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Stephen Prince, a multimillionaire from Georgia, USA, is setting an inspiring example in the fight against Climate change. After realizing the immense environmental impact of his private jet, he decided to put it up for sale.

Six years ago, Prince took to the skies in small jets, a habit he compared to an addiction. The successful businessman, who made his fortune in the gift-card industry, once owned three jets. But a sobering truth has led him to sell the last one: private jets are devastatingly polluting. As Prince discovered, a journey in a private jet emits around ten times more carbon than a first-class flight on a commercial airline.

Private jets, luxury symbols for the super-rich, are surprisingly dirty. A report by Transport & Environment reveals they are 14 times more polluting than commercial flights and approximately 50 times more polluting per passenger than trains. To put it into perspective, a return economy flight from London to New York emits about 1.48 tonnes of CO2 per passenger. That’s over double the yearly carbon footprint of an average person in Ghana. Now multiply that impact by 14 for a private jet!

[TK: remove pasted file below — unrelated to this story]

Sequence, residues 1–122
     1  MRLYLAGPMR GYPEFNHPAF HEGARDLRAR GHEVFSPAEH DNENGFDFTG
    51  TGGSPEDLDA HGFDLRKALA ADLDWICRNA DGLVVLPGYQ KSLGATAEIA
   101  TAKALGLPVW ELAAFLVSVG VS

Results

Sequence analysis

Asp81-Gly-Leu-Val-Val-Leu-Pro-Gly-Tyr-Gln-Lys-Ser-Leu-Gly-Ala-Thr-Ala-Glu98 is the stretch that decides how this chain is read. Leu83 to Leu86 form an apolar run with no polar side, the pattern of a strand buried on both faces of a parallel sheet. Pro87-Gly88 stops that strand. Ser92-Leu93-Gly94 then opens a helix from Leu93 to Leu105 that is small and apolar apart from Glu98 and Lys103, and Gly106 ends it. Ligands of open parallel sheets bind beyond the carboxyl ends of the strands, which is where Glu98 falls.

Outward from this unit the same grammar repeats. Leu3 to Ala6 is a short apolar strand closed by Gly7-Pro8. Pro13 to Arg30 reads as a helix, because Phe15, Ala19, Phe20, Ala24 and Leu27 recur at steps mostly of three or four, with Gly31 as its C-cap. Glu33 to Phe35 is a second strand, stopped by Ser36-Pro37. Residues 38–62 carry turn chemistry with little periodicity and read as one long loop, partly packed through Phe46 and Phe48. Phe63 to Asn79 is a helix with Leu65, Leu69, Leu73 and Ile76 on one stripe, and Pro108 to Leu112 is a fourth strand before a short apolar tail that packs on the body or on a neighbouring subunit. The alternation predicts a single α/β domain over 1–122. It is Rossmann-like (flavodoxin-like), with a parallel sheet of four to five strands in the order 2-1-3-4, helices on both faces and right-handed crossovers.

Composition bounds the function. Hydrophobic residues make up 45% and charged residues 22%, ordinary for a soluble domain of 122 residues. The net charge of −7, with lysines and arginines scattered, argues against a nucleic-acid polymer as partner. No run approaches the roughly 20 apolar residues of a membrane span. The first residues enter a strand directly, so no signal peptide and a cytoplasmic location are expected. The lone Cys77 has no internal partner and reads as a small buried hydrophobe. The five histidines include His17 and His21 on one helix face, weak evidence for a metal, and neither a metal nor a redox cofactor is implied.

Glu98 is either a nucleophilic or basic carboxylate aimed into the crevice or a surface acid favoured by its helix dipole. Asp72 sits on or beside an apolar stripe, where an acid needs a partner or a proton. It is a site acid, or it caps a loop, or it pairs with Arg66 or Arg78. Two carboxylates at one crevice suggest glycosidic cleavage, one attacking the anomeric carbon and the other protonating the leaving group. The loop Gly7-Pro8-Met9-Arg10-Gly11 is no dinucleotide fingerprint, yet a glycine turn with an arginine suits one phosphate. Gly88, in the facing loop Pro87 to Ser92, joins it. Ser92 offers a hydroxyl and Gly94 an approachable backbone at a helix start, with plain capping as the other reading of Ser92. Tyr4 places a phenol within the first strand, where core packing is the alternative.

Prince, co-chair of the ‘Patriotic Millionaires organization, an advocacy group for higher taxes on the wealthy, will miss the private jet experience. However, he said, “If you can get over the amazingly selfish attributes that it represents.”

As awareness grows, the anti-private jet movement is gaining traction. This February, climate scientists staged blockades at several private jet terminals worldwide. “It is time to ban private jets and tax frequent flyers to the ground,” said NASA climate scientist and activist Dr. Peter Kalmus.

Even as some billionaires continue to take frequent flights, the public is pushing back. Elon Musk, for instance, faced criticism for his private jet use. Meanwhile, young activist Akash Shendure’s ‘Climate Jets’ project, which reveals the carbon footprint of 163 private jet users, has gone viral.

So, what’s our takeaway? Everyone can make changes, no matter how small, to help our planet. Like Stephen Prince, we can all reassess our habits and make more sustainable choices. Let’s take a leaf from his book and do our bit to combat climate change. After all, every eco-friendly decision counts!

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